The latest economic forecast

Every day it seems there is a new story about the credit crunch and its latest victims in the press. Many VCOs already operate in some of the most challenging economic circumstances and with some of the most disadvantaged communities. However, the majority of the VCS has experienced a period of growth over the last decade so I think it’s fair to say that everyone is starting to get a little concerned or at least wondering what the consequences of a slowdown or even a recession might be for their organisation. The latest quarterly ITEM Club Forecast from Ernst and Young is not optimistic about the future of the UK economy but is not predicting these tough times to last for long. Some of the main points from the Forecast are:

  • The rises in food and energy prices are compounding the effects of the credit crunch so the next 18 months will be tough.
  • Food and energy costs are set to push CPI inflation above 4% which will delay the prospect of further interest rate cuts. Oil prices are almost 30% up on the beginning of 2008.
  • Activity, investment and profits are predicted to fall back as world demand is weakening and company profits are being squeezed by the commodity price increases.
  • Unemployment will top 2 million and consumer spending will plateau.
  • Growth is now predicted to rise just 1% compared to the last quarter’s predictions of 1.5%, which would be the weakest outcome since the early 1990’s and bring the UK economy on the verge of a recession.
  • The mortgage market has moved from feast to famine (see housing market)
  • The Bank of England cannot cut interest rates while the risk of wage-price spiral remains.But if pay increases are constrained, many parts of the economy should recover in 2010.
  • However, the Forecast assumes that wage and domestic inflation will remain restrained. Unless there are further hikes in commodity prices, CPI inflation should fall back into line with target. Core inflation is only at 1.6%.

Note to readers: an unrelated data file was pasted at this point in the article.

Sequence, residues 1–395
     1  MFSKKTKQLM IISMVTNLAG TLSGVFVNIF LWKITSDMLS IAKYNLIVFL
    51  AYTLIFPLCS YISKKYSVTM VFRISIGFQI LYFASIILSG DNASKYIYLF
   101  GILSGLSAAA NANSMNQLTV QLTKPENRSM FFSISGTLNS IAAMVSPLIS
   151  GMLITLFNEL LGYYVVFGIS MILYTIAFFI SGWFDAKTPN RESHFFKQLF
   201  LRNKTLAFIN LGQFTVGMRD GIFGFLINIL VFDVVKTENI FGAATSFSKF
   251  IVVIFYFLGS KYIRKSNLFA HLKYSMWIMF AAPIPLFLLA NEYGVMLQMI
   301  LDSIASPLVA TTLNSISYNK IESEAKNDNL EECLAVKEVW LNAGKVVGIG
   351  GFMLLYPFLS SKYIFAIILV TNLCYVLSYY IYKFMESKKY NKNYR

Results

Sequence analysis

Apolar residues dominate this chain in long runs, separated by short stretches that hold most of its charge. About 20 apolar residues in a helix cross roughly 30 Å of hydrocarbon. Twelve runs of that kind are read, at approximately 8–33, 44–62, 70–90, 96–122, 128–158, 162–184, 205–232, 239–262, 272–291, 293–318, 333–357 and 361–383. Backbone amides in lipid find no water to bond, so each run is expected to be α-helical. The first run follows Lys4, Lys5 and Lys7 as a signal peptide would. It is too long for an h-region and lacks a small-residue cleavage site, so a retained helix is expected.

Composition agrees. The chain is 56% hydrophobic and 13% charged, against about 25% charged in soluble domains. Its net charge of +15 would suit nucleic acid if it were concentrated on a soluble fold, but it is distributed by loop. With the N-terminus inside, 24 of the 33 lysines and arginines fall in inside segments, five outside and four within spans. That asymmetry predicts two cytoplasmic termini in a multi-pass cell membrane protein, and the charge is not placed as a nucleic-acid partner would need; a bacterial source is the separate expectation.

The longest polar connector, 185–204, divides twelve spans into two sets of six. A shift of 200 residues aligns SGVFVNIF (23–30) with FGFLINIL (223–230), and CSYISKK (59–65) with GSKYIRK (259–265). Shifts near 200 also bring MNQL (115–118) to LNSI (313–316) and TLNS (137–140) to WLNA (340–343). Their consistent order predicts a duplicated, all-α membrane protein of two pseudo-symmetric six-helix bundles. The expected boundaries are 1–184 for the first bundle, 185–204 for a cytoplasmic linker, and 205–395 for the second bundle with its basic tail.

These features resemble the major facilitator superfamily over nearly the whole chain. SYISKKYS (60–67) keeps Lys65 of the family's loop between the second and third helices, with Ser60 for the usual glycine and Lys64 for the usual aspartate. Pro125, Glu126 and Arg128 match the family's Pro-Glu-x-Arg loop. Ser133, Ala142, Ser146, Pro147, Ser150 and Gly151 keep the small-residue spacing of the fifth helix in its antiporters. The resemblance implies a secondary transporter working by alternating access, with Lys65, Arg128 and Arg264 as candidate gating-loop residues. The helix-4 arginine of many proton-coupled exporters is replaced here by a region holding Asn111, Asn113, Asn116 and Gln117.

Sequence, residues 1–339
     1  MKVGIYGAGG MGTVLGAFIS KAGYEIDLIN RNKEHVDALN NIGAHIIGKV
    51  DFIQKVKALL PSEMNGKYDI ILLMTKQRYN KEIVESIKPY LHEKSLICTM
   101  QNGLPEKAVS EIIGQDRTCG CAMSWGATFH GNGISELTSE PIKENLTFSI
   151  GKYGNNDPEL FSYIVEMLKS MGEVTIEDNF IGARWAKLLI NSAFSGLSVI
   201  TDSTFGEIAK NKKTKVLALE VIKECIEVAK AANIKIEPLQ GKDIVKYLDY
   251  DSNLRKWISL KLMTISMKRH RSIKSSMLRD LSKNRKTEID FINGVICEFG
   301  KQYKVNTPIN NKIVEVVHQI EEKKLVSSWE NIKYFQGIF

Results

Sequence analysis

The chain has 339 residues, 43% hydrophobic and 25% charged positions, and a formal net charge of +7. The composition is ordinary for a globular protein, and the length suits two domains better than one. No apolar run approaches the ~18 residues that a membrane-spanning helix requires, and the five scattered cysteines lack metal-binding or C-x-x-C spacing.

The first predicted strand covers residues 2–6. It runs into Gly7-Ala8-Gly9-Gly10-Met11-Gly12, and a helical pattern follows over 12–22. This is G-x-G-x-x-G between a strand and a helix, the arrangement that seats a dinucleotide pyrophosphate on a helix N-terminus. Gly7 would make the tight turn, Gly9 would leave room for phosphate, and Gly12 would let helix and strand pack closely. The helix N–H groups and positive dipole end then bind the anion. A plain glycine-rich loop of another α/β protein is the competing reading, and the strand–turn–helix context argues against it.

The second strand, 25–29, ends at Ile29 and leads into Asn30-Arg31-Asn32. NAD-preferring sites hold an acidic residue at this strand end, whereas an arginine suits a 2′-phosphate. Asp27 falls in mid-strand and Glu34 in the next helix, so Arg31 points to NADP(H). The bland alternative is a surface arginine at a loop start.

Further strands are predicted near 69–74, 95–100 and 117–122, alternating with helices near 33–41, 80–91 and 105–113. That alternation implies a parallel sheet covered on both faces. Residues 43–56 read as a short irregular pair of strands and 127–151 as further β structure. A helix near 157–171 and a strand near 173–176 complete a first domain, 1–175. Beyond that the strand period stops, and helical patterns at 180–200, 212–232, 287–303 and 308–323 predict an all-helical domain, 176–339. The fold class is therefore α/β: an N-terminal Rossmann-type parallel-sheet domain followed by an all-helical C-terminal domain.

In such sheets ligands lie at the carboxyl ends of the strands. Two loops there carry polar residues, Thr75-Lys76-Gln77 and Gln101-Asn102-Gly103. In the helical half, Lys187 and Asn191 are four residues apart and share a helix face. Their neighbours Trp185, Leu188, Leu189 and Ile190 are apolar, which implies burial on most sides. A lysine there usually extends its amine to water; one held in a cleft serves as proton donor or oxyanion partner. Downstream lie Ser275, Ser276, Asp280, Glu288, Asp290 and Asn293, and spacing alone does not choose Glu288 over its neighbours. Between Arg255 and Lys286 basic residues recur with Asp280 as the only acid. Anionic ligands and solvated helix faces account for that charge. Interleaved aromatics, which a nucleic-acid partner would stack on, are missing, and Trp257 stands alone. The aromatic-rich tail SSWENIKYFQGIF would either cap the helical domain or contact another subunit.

• ITEM expects base interest rates to fall to 4% by the end of next year, helping to cushion the level of demand in the economy and set the scene for recovery in 2010.

This article from the Guardian highlights some of the ways in which the public are changing their lifestyle habits. Discretionary income, which charitable giving is often classified as, is often one of the first things to go. However, the rise of regular, planned giving means it has become a more significant income stream than in previous years. (See planned individual giving)

I have just finished writing a chapter on the changing UK economy and the impact this will have on the VCS for this year’s Voluntary Sector Strategic Analysis. Look out for it at the end of September!

 

Strategic responses to the economic slowdown for the VCS

We have also just run a seminar on the impact of an economic slowdown on the VCS, where we discussed the opportunities and risks the changing economic environment might present for the VCS as well as some practical actions for how organisations can prepare for the current uncertainty. We were lucky to have two expert presenters there, one who gave an overview of the current economic situation and the other who explored the implications of this for the VCS. Read a summary of the seminar and add your own thoughts on how the slowdown will affect the VCS.

Last updated at 11:26 Thu 13/Jan/11.
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